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The Water Project: Chombeli Community, Ernest Kuta Spring -  Emmanuel Carrying Water
The Water Project: Chombeli Community, Ernest Kuta Spring -  Collecting Water
The Water Project: Chombeli Community, Ernest Kuta Spring -  Diana And Siblings Collect Water
The Water Project: Chombeli Community, Ernest Kuta Spring -  Diana Carrying Water
The Water Project: Chombeli Community, Ernest Kuta Spring -  Ernest Kuta Collecting Water
The Water Project: Chombeli Community, Ernest Kuta Spring -  Josephine Collecting Water
The Water Project: Chombeli Community, Ernest Kuta Spring -  Mama Rosa Fetching Water
The Water Project: Chombeli Community, Ernest Kuta Spring -  Water Source
The Water Project: Chombeli Community, Ernest Kuta Spring -  Water Source
The Water Project: Chombeli Community, Ernest Kuta Spring -  Bathroom Shelter
The Water Project: Chombeli Community, Ernest Kuta Spring -  Animal Pen
The Water Project: Chombeli Community, Ernest Kuta Spring -  Banana Plantation
The Water Project: Chombeli Community, Ernest Kuta Spring -  Carrying Water
The Water Project: Chombeli Community, Ernest Kuta Spring -  Cattle Grazing
The Water Project: Chombeli Community, Ernest Kuta Spring -  Childrens House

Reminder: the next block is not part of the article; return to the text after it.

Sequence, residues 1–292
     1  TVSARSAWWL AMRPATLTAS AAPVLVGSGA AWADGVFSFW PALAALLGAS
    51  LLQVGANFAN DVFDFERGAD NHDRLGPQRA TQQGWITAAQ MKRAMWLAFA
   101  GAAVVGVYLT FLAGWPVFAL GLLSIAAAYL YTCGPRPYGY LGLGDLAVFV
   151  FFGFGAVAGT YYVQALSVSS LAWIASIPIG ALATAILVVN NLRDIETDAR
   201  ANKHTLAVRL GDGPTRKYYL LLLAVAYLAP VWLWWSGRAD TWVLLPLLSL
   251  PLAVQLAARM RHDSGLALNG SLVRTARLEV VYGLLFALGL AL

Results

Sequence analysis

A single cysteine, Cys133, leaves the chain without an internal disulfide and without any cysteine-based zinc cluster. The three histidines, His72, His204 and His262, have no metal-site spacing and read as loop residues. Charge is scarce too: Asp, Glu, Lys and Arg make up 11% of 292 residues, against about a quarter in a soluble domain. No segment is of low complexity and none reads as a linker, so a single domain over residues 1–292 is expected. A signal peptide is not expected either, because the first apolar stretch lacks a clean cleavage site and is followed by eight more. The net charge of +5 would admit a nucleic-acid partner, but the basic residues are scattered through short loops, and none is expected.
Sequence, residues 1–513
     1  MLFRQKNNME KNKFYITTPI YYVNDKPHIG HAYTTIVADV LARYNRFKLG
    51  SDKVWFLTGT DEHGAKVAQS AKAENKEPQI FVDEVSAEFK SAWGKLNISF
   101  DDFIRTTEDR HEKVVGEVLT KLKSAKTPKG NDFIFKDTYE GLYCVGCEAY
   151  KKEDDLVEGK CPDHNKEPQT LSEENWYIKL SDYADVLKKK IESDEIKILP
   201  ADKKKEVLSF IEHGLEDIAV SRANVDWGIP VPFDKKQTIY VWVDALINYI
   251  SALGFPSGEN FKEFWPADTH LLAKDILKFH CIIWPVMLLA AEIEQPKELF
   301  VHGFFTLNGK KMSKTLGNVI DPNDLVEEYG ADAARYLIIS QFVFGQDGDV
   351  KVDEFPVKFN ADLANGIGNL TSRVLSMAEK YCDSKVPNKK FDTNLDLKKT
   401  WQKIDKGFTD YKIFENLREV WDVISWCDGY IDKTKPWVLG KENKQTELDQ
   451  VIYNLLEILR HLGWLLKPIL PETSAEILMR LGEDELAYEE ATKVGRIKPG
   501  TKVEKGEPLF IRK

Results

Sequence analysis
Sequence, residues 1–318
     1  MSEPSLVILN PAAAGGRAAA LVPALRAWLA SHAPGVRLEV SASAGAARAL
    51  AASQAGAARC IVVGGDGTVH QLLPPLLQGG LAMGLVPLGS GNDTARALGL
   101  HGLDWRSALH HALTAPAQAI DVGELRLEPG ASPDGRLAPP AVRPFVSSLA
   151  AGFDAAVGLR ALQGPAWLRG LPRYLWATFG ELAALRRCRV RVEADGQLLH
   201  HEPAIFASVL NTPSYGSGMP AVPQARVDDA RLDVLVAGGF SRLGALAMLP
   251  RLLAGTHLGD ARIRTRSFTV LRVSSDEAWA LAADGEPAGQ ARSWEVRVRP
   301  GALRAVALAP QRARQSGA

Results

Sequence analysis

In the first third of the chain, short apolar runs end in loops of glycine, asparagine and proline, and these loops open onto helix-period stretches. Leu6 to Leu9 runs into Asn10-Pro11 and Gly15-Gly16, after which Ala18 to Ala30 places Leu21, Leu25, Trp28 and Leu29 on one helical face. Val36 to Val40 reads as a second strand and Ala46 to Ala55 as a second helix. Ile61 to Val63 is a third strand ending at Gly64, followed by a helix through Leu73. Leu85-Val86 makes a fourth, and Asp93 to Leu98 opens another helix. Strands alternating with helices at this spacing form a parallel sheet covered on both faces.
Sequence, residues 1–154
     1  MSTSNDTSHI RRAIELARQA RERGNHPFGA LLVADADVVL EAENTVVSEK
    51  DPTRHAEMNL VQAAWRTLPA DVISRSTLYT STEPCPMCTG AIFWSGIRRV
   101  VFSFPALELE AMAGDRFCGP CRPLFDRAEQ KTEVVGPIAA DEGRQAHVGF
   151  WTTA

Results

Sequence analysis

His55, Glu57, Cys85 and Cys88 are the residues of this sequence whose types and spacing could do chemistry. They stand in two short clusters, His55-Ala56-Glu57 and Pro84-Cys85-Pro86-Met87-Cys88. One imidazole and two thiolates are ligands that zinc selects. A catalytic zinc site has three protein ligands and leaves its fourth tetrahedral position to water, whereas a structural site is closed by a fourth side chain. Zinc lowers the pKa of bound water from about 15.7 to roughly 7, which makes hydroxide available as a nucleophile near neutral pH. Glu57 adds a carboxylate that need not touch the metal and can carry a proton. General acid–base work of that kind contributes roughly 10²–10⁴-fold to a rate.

The Water Project: Chombeli Community, Ernest Kuta Spring -  Community Land
The Water Project: Chombeli Community, Ernest Kuta Spring -  Diana M
The Water Project: Chombeli Community, Ernest Kuta Spring -  Dishrack
The Water Project: Chombeli Community, Ernest Kuta Spring -  Dog Kennel
The Water Project: Chombeli Community, Ernest Kuta Spring -  Dog
The Water Project: Chombeli Community, Ernest Kuta Spring -  Drinking From Spring
The Water Project: Chombeli Community, Ernest Kuta Spring -  Ernest Kuta
The Water Project: Chombeli Community, Ernest Kuta Spring -  Ernest Kuta At Water
The Water Project: Chombeli Community, Ernest Kuta Spring -  Garbage Disposal Area
The Water Project: Chombeli Community, Ernest Kuta Spring -  Homestead
The Water Project: Chombeli Community, Ernest Kuta Spring -  Inside A Kitchen
The Water Project: Chombeli Community, Ernest Kuta Spring -  Inside Ernest Kitchen